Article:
Electric diodes are essential electronic components that conduct electricity in one direction but prevent conduction in the opposite one. They are found at the...

Im Focus: Nonstop Tranport of Cargo in Nanomachines

Max Planck researchers revel the nano-structure of molecular trains and the reason for smooth transport in cellular antennas.

Moving around, sensing the extracellular environment, and signaling to other cells are important for a cell to function properly. Responsible for those tasks...

Im Focus: UNH scientists help provide first-ever views of elusive energy explosion

Researchers at the University of New Hampshire have captured a difficult-to-view singular event involving "magnetic reconnection"--the process by which sparse particles and energy around Earth collide producing a quick but mighty explosion--in the Earth's magnetotail, the magnetic environment that trails behind the planet.

Magnetic reconnection has remained a bit of a mystery to scientists. They know it exists and have documented the effects that the energy explosions can...

Im Focus: A Chip with Blood Vessels

Biochips have been developed at TU Wien (Vienna), on which tissue can be produced and examined. This allows supplying the tissue with different substances in a very controlled way.

Cultivating human cells in the Petri dish is not a big challenge today. Producing artificial tissue, however, permeated by fine blood vessels, is a much more...

Im Focus: A Leap Into Quantum Technology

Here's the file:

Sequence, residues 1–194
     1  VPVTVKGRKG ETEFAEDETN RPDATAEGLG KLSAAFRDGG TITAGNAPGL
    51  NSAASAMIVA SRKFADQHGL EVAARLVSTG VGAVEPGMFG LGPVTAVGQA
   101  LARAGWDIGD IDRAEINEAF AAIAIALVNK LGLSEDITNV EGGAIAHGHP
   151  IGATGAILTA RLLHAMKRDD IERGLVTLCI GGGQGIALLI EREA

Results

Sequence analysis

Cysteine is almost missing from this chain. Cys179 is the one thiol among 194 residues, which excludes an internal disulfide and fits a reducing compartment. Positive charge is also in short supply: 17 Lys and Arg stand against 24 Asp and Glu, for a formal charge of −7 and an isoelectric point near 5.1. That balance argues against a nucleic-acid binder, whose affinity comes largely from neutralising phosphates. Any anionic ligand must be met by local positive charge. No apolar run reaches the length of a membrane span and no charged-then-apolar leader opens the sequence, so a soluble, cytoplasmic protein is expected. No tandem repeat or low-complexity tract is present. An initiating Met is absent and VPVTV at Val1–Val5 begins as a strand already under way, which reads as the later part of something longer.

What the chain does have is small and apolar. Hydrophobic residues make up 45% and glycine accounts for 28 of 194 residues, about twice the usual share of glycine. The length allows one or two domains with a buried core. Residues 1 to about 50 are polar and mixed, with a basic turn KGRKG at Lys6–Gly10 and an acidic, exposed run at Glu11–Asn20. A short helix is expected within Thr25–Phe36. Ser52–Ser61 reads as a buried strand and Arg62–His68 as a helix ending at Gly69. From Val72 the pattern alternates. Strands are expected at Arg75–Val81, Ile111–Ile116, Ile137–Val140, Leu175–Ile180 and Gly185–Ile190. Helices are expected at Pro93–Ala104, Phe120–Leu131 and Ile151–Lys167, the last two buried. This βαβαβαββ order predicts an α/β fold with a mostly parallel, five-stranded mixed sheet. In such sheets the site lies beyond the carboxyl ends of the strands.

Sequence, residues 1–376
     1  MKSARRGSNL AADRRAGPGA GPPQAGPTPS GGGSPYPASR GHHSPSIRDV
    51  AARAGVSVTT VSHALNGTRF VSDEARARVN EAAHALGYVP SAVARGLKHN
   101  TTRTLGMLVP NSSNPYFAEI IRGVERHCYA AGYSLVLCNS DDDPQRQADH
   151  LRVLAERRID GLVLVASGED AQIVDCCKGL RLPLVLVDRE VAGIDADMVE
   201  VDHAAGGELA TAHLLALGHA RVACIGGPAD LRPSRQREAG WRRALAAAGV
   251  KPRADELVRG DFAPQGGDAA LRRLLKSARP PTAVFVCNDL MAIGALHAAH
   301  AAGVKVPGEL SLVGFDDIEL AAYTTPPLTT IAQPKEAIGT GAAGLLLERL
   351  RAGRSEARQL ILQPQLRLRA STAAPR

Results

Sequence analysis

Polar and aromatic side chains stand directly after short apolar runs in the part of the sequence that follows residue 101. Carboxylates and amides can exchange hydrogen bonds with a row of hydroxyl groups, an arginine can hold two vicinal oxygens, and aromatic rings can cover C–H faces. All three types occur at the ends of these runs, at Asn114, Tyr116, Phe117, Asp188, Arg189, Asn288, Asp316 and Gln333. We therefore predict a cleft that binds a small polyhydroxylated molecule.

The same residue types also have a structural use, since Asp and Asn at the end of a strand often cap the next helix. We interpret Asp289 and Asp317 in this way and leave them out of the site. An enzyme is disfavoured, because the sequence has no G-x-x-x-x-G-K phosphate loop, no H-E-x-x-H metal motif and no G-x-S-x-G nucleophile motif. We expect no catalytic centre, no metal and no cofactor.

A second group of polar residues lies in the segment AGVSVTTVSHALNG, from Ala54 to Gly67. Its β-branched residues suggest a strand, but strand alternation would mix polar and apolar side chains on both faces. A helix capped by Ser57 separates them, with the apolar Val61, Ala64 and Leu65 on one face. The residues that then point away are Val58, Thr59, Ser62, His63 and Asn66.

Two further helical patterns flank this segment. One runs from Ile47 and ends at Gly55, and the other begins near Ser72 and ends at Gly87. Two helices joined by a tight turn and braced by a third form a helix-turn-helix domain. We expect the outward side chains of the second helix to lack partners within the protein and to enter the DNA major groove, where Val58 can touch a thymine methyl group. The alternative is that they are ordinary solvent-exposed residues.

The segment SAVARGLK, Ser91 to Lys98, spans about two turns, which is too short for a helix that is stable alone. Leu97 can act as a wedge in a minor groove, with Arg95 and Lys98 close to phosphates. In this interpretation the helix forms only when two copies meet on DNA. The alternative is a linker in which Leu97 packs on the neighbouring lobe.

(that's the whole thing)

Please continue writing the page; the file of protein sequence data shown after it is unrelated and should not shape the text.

Faster and secure data communication: This is the goal of a new joint project involving physicists from the University of Würzburg. The German Federal Ministry of Education and Research funds the project with 14.8 million euro.

In our digital world data security and secure communication are becoming more and more important. Quantum communication is a promising approach to achieve...

All Focus news of the innovation-report >>>

Anzeige

Anzeige

VideoLinks
Industry & Economy
Event News

Optical Coherence Tomography: German-Japanese Research Alliance hosted Medical Imaging Conference

19.11.2018 | Event News

“3rd Conference on Laser Polishing – LaP 2018” Attracts International Experts and Users

09.11.2018 | Event News

On the brain’s ability to find the right direction

06.11.2018 | Event News

 
Latest News

Removing toxic mercury from contaminated water

21.11.2018 | Life Sciences

New China and US studies back use of pulse oximeters for assessing blood pressure

21.11.2018 | Medical Engineering

Exoplanet stepping stones

21.11.2018 | Physics and Astronomy

VideoLinks
Science & Research
Overview of more VideoLinks >>>